Getting to the Heart of the Matter
By Dean L. Jones
Heart disease is the number one American killer, leading cancer, chronic lower respiratory diseases, accidents (like car accidents and falls), strokes, Alzheimer’s, diabetes, influenza, pneumonia, kidney disorders and suicide, respectively. When getting to the heart of the matter of this disease it can be prevented and/or treated with making healthy lifestyle choices.
The first choice is to limit and even eliminate the consumption of added sugar in the day-to-day diet. Added sugars are sugars and syrups that are added to foods or beverages when they are processed or prepared. Items such as sugar-sweetened beverages like regular soft drinks, sugars and candy, grain-based desserts such as cakes cookies, and pies, fruit punches, dairy desserts and milk products including ice cream, sweetened yogurt, sweetened milk, and other grain-based foods such as cinnamon toast and honey-nut waffles, including table sugar, brown sugar, high-fructose corn syrup, maple syrup, honey, molasses and other caloric sweeteners in prepared and processed foods and beverages.
It is because too many Americans are continually over-eating these aforementioned items that the American Heart Association strongly recommends that women consume no more than 100 calories (6-teaspoons of sugar) a day from added sugars; and men consume no more than 150 calories (9-teaspoons of sugar) a day. Yet, still dietary change breeds skepticism that any of this knowledge bears importance to a healthy heart.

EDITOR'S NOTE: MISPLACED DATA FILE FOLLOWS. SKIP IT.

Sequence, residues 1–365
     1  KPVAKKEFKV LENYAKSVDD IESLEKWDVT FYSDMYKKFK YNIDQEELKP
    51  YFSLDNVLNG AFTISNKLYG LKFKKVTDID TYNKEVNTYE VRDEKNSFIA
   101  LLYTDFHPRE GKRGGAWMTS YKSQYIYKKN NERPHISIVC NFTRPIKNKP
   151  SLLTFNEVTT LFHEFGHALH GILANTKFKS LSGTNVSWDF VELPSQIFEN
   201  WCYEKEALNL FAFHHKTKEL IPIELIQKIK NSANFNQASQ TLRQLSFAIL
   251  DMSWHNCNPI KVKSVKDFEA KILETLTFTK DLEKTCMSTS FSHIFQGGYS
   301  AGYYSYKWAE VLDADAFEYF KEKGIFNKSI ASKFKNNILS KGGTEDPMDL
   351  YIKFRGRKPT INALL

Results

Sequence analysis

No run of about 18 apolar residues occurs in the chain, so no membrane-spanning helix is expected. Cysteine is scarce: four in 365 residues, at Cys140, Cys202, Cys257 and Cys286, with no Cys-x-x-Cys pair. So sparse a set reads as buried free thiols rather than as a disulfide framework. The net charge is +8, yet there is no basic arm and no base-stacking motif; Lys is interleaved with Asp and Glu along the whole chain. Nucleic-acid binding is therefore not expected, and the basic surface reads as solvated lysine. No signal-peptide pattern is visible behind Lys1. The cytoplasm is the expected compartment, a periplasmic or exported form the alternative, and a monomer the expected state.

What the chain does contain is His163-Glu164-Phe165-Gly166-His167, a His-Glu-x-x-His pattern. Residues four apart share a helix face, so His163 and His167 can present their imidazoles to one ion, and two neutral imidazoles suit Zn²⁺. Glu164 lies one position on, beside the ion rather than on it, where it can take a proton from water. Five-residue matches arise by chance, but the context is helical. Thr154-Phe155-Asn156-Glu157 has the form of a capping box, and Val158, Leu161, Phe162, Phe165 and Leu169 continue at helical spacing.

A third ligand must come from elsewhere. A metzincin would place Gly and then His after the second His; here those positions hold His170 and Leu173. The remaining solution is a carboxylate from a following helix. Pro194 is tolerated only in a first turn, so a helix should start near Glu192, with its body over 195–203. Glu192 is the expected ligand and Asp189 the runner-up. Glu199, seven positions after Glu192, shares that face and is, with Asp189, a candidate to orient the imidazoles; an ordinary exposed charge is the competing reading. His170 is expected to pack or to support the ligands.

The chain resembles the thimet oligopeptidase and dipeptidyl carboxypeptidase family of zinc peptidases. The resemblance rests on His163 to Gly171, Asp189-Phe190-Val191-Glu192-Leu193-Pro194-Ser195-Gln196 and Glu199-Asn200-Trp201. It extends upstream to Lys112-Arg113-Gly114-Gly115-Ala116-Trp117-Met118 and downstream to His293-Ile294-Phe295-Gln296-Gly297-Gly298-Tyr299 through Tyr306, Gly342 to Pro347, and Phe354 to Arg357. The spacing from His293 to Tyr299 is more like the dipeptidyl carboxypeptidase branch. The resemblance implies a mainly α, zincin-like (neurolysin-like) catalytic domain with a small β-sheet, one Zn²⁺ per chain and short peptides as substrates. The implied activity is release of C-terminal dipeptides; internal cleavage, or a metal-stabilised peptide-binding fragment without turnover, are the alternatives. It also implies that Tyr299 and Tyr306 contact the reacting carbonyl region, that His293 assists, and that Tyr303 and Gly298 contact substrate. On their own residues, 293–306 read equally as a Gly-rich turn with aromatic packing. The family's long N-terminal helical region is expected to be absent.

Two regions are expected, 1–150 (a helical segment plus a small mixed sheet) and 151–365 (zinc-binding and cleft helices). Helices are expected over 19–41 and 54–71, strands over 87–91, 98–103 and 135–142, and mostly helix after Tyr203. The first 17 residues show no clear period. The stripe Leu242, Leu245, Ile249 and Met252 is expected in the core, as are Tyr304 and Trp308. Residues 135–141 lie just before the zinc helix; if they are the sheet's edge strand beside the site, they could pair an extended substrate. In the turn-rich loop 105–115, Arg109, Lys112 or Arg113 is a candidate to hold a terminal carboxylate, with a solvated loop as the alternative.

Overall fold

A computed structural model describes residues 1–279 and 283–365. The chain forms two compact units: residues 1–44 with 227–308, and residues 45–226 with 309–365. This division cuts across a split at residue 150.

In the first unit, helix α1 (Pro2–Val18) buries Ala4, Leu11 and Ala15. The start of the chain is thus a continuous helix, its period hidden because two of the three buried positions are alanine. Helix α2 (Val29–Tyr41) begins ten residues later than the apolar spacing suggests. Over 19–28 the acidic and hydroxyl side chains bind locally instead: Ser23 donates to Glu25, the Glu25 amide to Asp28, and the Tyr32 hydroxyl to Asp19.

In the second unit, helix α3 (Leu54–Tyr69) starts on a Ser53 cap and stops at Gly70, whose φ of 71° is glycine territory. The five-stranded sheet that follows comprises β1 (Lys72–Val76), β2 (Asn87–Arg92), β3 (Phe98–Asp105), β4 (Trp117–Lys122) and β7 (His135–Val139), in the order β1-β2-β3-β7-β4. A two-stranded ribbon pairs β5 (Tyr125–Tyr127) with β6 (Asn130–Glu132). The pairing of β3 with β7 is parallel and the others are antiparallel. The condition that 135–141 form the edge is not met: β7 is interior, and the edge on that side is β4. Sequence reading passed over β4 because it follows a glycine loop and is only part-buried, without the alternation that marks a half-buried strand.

For instance, the mere mention of vegetarian, vegan, or a pescetarianism lifestyle receives a downbeat reaction from a large number of people. It seems that those who refrain from consuming sugary items are considered somewhat different. Nonetheless, following heart surgery doctors recommend a dietary lifestyle that resembles that of a vegetarian, especially advising heart patients to practice abstaining from the consumption of red meat, smoking, and sugar, which may also include abstention from by-products of animal slaughter.
Vegetarians have a 32% lower risk of coronary heart disease than non-vegetarians, due in part due to eliminating brown sugar, powdered sugar or even raw sugar as all of them are made from refined white sugar. Also, vegetarians have lower BMI, non-HDL cholesterol and blood pressure.
For the record, a pescetarian diet practices eating fish or other seafood, but not the flesh of other animals. Most pescetarians maintain a lacto-ovo vegetarian diet with the addition of fish and shellfish. Where, rarely do practitioners of western medicine advise their patients to take on a vegan lifestyle by abstaining from the use of all animal products, veganism is a growing consideration for better health due to the rising numbers of people suffering from heart related diseases.
In summary, there are dangers from eating added sugar, which by the way gets its white color from a refining process that often involves the use of bone char, meaning that it is an animal by-product. Thus, getting to the heart of the matter of disease is to live more SugarAlert!
Since 2007, Dean steadfastly shares his understanding on the dangers of eating processed sugar.